Nhatrang, May 12, 1972, 7 P.M.
I remember that night quite well. It is my first memory, and the happiest one from my childhood.
The familiar smell of pig roasting on a spit wafted from the kitchen. My mother made cheery noises as she ran from one hallway to the next, giving orders to the help with a hint of pompous confidence. The moist summer air evaporated into a transparent mist all around me due to the kind of heat found only in Nhatrang and only in May. And what I remember most of all is the sense of festivity all around me as the last rays of sunlight disappeared into the ocean, just a few hundred feet away from my window. It was my fifth birthday.
My childhood home, in order to accommodate my mother's passion for living near beautiful beaches, was situated by the water, with the waves murmuring at the foot of the house. The mansion was comprised of three stories and over twenty-four rooms, including at least eight bedrooms. All were furnished with expensive Western furniture thrown together by my mother's own design. And both to give the house personality and to honor my grand-father's last name, Mother named it Nguyen Mansion. From the numerous stories I was told growing up, mostly by my grandparents, I came to understand that my mother built the house during her pregnancy with me, motivated by the idea of having her first baby in her own home. Mother painted the outside of the house the color of eggshells, and, much to her consternation, I always thought the house was just a simple white color that had aged poorly with time. From the main entrance of the house to the front gate lay a large reddish marble pathway that encircled the garden, which housed a kidney-shaped pool. Our gardener, Mr. Tran, had been hired through an agency, and his job consisted mainly of planting and maintaining the many exotic species of flowers around the front part of the house. My mother, in an effort to shield the inside beauty from the outside world, constructed two enormous iron gates, as well as a high barbed-wire fence covered with thick vines, to obscure all within their boundaries. In the old days, I used to play with my toys in the garden while the children playing on the other side of the gate watched me with fascination. According to my mother, those children were either too dirty, or I was too clean, for my association with them. In Vietnam, rich children like myself wore sandals to protect their feet from the dirt and the heat, while poor children like the ones from the other side of the wall ran around barefoot.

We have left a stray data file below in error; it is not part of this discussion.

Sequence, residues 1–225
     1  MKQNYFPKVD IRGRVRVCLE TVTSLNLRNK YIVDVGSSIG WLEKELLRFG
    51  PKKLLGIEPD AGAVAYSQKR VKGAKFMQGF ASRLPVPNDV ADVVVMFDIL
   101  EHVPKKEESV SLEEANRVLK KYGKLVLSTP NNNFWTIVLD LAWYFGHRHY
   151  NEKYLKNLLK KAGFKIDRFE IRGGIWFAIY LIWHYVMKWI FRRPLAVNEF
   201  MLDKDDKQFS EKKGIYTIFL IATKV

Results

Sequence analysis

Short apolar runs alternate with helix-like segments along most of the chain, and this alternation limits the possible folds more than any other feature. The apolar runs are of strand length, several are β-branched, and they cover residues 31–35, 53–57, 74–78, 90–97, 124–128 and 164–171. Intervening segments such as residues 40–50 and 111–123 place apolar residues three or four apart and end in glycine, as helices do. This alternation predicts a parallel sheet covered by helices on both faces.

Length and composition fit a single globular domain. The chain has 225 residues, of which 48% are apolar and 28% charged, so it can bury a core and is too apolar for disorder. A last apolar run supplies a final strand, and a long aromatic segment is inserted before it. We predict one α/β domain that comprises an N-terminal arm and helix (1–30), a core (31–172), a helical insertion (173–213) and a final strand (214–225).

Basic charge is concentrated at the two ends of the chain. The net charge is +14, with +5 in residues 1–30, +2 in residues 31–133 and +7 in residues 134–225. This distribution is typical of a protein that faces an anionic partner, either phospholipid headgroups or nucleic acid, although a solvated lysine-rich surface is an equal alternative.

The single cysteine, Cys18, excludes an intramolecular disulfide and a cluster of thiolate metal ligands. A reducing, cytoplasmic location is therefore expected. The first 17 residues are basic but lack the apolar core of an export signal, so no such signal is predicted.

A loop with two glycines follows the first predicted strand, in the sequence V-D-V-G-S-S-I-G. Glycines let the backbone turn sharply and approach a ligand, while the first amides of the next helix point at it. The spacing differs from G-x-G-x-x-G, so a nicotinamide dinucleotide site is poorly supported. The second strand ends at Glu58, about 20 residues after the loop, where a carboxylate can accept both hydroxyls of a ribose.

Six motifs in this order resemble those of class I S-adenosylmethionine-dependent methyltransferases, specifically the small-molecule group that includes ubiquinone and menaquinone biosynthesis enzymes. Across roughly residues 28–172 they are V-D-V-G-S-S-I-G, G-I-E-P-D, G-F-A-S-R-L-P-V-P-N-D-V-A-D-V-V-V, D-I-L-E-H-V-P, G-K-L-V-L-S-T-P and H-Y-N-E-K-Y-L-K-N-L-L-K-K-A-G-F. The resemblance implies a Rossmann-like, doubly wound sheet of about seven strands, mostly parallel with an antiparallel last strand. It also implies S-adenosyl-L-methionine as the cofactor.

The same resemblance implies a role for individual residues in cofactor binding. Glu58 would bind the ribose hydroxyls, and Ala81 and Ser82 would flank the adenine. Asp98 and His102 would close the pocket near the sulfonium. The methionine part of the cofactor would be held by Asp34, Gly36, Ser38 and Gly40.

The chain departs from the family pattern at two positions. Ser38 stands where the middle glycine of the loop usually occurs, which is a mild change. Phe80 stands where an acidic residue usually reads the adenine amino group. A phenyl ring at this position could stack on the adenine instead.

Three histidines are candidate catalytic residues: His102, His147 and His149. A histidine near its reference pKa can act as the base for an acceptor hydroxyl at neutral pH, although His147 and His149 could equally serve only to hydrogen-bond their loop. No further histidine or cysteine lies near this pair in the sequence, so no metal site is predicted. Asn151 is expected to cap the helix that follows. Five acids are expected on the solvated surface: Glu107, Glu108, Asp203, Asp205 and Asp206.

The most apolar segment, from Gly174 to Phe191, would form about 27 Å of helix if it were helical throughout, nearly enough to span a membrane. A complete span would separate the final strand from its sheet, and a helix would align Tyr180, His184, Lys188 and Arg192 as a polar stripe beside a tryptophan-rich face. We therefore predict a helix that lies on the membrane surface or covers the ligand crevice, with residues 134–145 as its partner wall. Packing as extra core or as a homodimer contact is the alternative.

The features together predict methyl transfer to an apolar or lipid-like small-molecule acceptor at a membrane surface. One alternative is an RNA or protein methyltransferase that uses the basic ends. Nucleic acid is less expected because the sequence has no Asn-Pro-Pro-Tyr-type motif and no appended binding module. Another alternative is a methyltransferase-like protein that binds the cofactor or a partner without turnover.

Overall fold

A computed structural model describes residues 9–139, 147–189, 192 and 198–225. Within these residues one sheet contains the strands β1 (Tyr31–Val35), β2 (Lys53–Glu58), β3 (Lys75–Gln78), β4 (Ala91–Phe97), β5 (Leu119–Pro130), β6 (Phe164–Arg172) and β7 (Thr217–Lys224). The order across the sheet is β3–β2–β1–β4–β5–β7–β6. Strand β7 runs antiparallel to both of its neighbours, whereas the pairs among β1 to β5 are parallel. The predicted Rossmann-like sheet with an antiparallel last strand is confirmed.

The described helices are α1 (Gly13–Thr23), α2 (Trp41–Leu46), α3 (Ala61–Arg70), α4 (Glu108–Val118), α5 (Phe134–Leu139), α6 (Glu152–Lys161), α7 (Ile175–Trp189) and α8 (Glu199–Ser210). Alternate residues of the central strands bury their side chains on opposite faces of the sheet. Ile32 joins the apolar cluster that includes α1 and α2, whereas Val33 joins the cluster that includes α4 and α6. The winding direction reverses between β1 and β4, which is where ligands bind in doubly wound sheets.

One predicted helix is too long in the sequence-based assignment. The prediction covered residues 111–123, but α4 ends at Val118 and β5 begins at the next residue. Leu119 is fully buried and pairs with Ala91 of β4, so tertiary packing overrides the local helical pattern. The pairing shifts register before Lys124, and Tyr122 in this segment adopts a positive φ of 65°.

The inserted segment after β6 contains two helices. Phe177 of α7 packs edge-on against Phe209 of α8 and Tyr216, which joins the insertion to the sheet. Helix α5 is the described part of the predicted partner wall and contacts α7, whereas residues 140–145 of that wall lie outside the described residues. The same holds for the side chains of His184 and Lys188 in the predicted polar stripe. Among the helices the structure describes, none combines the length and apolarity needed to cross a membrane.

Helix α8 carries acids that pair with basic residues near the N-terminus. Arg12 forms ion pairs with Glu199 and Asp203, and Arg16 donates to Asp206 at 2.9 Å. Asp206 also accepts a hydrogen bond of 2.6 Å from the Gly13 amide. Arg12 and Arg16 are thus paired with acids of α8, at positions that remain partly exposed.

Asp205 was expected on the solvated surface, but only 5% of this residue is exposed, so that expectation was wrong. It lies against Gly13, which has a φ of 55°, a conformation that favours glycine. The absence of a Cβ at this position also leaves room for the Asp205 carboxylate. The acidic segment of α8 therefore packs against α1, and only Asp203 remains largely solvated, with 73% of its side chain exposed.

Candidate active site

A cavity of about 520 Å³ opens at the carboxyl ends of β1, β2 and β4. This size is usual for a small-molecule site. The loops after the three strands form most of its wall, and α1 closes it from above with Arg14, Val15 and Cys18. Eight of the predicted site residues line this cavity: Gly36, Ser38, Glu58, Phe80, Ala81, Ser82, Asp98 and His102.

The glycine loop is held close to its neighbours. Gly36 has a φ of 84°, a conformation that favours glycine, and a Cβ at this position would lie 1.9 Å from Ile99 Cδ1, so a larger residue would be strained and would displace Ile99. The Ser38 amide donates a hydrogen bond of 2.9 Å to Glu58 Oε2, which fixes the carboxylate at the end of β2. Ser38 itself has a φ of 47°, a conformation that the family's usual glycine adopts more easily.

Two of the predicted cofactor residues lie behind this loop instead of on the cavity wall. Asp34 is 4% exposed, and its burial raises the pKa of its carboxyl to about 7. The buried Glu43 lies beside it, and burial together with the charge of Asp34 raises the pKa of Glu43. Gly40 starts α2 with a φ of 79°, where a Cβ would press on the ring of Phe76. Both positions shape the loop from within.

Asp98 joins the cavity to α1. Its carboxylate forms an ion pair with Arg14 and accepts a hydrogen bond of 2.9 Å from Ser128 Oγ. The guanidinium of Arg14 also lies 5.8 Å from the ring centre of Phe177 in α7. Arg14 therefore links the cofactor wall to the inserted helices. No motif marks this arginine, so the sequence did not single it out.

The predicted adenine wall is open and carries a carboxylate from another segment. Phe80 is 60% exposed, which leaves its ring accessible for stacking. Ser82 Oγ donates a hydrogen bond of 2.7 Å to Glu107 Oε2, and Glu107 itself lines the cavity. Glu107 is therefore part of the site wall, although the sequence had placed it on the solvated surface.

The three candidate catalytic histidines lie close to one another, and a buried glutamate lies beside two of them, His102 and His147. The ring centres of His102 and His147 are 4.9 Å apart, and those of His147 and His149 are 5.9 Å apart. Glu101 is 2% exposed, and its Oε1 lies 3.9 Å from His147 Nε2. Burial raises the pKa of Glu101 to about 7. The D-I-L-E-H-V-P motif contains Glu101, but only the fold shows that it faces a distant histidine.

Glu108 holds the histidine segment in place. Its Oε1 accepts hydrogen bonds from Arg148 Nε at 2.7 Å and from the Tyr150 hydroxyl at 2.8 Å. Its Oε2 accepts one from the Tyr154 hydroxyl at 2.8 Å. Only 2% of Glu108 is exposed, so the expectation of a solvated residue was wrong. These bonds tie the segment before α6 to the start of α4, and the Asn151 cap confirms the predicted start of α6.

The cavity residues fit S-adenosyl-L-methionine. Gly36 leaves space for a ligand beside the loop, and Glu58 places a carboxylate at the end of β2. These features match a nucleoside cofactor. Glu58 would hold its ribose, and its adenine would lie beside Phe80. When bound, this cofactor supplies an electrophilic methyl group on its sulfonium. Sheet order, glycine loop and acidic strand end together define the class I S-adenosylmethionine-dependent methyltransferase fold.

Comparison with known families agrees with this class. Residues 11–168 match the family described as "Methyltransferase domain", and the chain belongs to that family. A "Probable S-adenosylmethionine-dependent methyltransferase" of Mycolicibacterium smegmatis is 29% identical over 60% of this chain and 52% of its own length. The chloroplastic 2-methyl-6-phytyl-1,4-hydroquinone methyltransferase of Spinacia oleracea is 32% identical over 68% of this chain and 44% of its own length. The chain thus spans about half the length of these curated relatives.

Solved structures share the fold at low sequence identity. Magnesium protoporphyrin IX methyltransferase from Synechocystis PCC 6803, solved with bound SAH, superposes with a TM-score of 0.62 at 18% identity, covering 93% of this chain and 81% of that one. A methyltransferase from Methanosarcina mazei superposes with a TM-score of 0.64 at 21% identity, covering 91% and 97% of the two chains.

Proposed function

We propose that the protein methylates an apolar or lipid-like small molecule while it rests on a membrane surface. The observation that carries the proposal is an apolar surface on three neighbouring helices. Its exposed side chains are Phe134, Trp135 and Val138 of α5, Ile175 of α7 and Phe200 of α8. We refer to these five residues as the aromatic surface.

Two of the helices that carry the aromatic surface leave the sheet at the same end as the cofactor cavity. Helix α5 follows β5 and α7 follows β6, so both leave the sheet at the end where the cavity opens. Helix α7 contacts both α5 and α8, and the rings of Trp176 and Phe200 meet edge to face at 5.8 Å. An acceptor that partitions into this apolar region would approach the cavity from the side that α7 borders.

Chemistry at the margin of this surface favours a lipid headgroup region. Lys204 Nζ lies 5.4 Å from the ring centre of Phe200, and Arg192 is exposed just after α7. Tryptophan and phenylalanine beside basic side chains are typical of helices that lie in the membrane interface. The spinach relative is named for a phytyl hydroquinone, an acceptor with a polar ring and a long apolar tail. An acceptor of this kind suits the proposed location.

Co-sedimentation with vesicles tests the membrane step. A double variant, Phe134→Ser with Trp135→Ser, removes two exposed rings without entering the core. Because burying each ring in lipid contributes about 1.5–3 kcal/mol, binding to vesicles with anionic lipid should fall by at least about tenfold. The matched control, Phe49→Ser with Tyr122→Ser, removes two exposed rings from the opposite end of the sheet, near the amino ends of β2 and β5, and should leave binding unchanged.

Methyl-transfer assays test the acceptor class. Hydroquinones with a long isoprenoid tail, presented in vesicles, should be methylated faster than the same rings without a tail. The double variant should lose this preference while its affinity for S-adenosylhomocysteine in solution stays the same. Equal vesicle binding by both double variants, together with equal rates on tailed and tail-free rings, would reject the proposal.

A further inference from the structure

That afternoon, before the celebration, much of the activity was centered in the kitchen. I was flying through the crowded rooms with my arms out like an airplane and making buzzing sounds, bumping into people's legs to simulate a crash. My brother and I had made up this clever plan to get treats from the help. Unfortunately, everyone seemed too busy to notice me. In the middle of the main kitchen a group of chefs stood around an enormous table, decorating a gigantic white cake with bunches of red roses, brown vines, and green leaves made from heavy whipped cream and food coloring. On the other side of the room, barely visible in the dark smoke, live fowls awaited their turn to be slaughtered; their frightened cackles rose over the impatient sizzling of the pork. A few steps away, a group of my mother's maids hovered over the busy stove preparing the main courses. One of the women turned on the ceiling fan as her friend strained cooked noodles over the drain. The fog from the boiling water swept up from the pot, adding to the heat in the room. Looking for a new victim for my airplane game, I spotted a young caterer's apprentice. He was about ten years old and of diminutive size, with dark circles under his eyes. Running through the kitchen with a big bowl of whipped cream, he crashed into me. I knew how fearful our servants were when it came to my mother's wrath. While the boy was making sure I was not injured, I reached into his bowl for a handful of cream. Before he could recover from his shock, I laughed and ran off, lapping the sweetness from my hand.
Copyright © 2001 by Nguyen-Andrews, LLC
Blood at the Root
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